Wednesday, June 27, 2012

Necessary Useless List: Things I'd Like To Do (Preferably) Before I die

People usually do lists on their blogs, right? Thought I'd get with the program.

Here are a few things I'd be quite happy about them happening before my eventual demise (read: ascension to Valhalla and bro-ing out with Thor and Odin):

1 - Travel to seven different countries. Get hopelessly lost in one, have a life-changing epiphany in another.

2 - Be on the roof of a really tall building at sunset, stay there chatting with friends until sunrise.

3 - Wake up one day to nothing but the sea and the sky. Oh, and a book. Clothes optional.

4 - Punch someone. Doesn't have to be a massive one. Just a punch.

5- Be hugged lovingly by a child, and not just because I just gave them candy.

6- Write a best-selling book. Tease my nemesis endlessly about it.

         Addendum: - Get a nemesis.

7 - Jump off a waterfall. Hopefully not land in shallow water.

8 - Live long enough for someone to discover a drug that would make my parents live forever. And makes them respect my privacy.

9 - Listen to the Kings of Convenience while watching the Aurora Borealis dance its merry way across the Scandinavian skies.

10 - Meet JK Rowling. Convince her to write me into a Harry Potter sequel. Get Neil Gaiman to narrate the audiobook.

Bonus Round (or what it all really comes down to): - Grow old with someone, smiling at her smile, hold her hand and squeeze it reassuringly, have her rest her head on my shoulder on a long bus ride to a place we've never been to, taking a silly photo of her and pinning it to the fridge, losing a snowball fight to her, and maybe even have her read my words aloud to me.

Tuesday, June 26, 2012

Write. Right?

I write to feel right.

This is - quite basically - the reason I write at all. My brain is often a cauldron, within which thoughts are constantly frothing and bubbling, threatening to spill over the edges, but the cauldron is tightly sealed, and so the thoughts keep percolating endlessly, never surrendering, only giving rise to more thoughts and ideas until you feel like your head is about to burst.

And so, I grab a pen, and with it I carve holes into my skull, allowing all the thoughts to filter through in an orderly (or not so orderly) manner, so that I can simply stop feeling like my head is three times its size, so I can stop grinding my teeth so hard that I feel my jaw giving way.

I write to stop feeling angry, or sad, or tired, or even to celebrate my happiness or random bouts of content.

I write, because I like words.

It's ironic how I've managed to fail to find a word that expresses how I feel about words. There is no word, sadly, to describe that feeling you get, when an intangible thought transforms before your mind's eye into a jumble of letters, that then coalesce into a word. It is beautiful, satisfying, and utterly baffling.

It's nice, to watch the words then interlink into phrases, expressing thoughts and meanings that used to be just at the tip of your tongue, so close and yet so very far. You smile, as you dress those meanings up, in long flowing statements, in bright adjectives and startling, sparkling words.

And then you step back, cupping your chin, and appraise your work in pride and (often hidden) relief.

Congratulations, you've written something, and you'll never be the same again.

Monday, June 25, 2012


A few minutes ago, I looked out my window, and saw the moon.

Then it hit me; I am on the surface of a planet, looking up at something thousands of kilometers away, reflecting the light of something that is even farther than that.

Scale is such a funny thing. We think the world of our problems, whereas we're really, really small.

Take a moment, look out your window right now, and think about it.

Is it really worth worrying about?

Wednesday, June 20, 2012

In Dreams

This was initially triggered by a six-word suggestion from a fellow Twitter user. Thanks, Amenah.

This is also dedicated to Adly, who was one of the first people to encourage me to start this blog, and who's leaving the country soon. You shall be missed!


You were in my dreams again yesterday.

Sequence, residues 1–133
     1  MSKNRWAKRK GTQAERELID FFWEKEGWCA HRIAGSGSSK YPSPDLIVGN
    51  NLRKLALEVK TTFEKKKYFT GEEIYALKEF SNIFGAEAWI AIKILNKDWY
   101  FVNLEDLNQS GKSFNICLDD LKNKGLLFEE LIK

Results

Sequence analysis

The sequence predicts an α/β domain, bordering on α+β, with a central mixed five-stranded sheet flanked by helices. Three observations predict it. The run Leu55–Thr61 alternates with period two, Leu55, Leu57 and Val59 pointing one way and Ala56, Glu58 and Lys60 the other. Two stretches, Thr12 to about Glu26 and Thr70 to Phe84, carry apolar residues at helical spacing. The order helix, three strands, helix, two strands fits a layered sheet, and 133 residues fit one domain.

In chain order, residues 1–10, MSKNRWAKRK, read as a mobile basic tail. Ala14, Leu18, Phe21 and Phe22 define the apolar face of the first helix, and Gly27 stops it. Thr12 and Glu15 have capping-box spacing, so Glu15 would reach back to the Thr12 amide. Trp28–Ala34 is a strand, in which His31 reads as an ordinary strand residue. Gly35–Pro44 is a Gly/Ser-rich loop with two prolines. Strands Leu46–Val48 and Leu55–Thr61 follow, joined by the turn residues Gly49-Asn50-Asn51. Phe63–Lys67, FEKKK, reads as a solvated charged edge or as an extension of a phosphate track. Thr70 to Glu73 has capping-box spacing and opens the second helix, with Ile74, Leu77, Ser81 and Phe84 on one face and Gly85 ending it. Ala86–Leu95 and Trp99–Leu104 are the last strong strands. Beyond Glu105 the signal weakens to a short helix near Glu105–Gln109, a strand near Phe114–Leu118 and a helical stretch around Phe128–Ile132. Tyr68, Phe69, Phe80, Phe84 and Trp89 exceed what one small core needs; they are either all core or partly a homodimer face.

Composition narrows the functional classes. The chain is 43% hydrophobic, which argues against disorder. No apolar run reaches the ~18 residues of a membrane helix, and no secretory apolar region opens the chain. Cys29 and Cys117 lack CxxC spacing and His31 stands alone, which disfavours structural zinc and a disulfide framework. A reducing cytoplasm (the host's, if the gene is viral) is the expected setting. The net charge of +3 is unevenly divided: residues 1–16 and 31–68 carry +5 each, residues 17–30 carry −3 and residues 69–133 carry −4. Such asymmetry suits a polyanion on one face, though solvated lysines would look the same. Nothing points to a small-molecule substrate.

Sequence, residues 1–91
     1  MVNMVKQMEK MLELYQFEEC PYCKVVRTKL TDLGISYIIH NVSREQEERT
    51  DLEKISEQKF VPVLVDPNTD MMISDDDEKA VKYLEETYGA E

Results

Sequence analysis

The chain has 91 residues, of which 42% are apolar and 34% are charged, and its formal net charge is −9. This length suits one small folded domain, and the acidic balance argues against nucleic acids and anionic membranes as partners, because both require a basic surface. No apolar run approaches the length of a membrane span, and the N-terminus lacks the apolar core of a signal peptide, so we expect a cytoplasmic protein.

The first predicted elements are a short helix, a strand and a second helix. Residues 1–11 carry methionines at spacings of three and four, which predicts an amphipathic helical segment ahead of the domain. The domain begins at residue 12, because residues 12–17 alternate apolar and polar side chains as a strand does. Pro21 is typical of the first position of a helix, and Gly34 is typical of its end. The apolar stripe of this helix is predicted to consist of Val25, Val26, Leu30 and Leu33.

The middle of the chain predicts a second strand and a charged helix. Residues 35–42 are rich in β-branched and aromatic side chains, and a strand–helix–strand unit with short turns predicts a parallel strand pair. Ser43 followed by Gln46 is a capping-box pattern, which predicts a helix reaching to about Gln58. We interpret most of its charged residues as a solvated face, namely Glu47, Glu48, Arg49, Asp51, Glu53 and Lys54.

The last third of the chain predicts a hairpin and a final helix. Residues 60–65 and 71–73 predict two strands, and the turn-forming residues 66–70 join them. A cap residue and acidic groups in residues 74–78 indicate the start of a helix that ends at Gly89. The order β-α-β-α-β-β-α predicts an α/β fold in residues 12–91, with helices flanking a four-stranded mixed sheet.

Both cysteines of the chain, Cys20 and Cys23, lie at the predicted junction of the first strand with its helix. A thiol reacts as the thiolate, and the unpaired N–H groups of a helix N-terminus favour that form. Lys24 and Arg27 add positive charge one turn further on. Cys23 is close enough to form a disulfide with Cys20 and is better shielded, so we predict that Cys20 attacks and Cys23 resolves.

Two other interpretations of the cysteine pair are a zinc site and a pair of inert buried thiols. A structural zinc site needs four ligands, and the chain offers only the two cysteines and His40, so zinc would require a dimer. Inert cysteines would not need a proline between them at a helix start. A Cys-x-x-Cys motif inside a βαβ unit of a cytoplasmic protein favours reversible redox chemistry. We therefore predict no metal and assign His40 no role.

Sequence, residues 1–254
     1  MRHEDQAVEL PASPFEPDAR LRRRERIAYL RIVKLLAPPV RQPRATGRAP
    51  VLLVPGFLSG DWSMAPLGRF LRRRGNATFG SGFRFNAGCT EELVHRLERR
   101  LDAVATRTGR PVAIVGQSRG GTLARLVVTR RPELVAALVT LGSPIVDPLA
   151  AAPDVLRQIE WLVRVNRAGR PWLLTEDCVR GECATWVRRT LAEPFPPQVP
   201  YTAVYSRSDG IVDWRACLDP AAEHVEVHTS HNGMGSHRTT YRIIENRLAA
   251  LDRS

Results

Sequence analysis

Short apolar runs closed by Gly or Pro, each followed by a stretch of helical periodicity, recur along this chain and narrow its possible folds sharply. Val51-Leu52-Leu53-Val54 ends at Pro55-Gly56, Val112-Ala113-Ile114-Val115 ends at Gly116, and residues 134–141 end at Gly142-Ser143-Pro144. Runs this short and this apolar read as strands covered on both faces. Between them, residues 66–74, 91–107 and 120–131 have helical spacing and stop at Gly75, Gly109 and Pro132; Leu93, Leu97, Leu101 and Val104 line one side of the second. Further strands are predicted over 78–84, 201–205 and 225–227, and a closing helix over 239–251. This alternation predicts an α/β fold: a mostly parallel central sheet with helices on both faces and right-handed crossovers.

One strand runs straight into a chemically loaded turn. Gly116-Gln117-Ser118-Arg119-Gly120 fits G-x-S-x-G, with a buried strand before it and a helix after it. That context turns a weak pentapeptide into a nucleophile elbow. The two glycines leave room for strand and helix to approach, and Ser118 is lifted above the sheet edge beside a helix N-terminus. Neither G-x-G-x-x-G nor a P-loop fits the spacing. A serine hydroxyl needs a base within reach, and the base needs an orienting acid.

You stood there, clutching that lace umbrella you loved so much. I watch in awe, as you twirl it playfully in your hands, and I can see you’ve painted your nails blue, that brilliant azure color that I’ve always loved so much. I smile, you’ve always had a thing for all things Victorian; you called them regal, austere, beautiful. 

Sunday, June 17, 2012

Existence And Definitions

My existence is a series of questions that I attempt to answer everyday, and the answers never really impress me.

I start with the obvious. “What am I?” - that one is easy enough. I am a man, a human being, an assortment of organs linked together by myriad vessels in a body that runs like clockwork. I am a being that is recognized by fellow beings as one of their own, part of a herd, member of the not-so-exclusive club of Humanity.
At least, that’s the physical interpretation of my existence. I am okay with that, it is clear and clean-cut, and it’s hard to argue against. It is what I perceive myself as, and it is close enough to what I perceive others as. So, it’s all right.
Then you move on to “Who am I?”, and that’s where the problems start; how do you know who you are? Do you define yourself, again, by your physical existence? No, because then you’d lose your individuality, that you fought for so valiantly by popping out of that birth canal, and you just become another human being. Is that what you want? Probably not. So, it’s not just the physical existence.
Is it what you do, then? Am I defined by the things that I do in my life? Aren’t those things that everyone does, to some extent? So, to define oneself, do we just mix and match a number of actions, and what adds up is what a person is? Perhaps.
I suppose one of the most deplorable things about the exponential growth in communication technology is that we’re now constantly aware of how tiny we are in the grand scale of things. You’re just one person among billions, one soul among so many more, and what makes you so different then? Once we thought that the things we did were unique and personal, but then you start learning that everyone does it to some extent, and that your actions were merely a reflection of an evolving human nature. Your soul is just a fraction, part of a larger mosaic, and it keeps looking like the little parts repeat themselves every so often.

You are a drop in an ocean. A reed in the marsh. A letter, repeated ad infinitum on a massive white paper, yellowing at the edges.
And I I am...not you.
Is that what it is? Am I defined through what I am not? Through who I am not?
Is that what makes me unique?
Sometimes, I feel like a character who’s been abandoned by its writer halfway through the story, and the bastard never even thought to leave me a pen to finish the job.

Sunday, June 10, 2012

Technological Hyper-reliance And Second-hand Experiences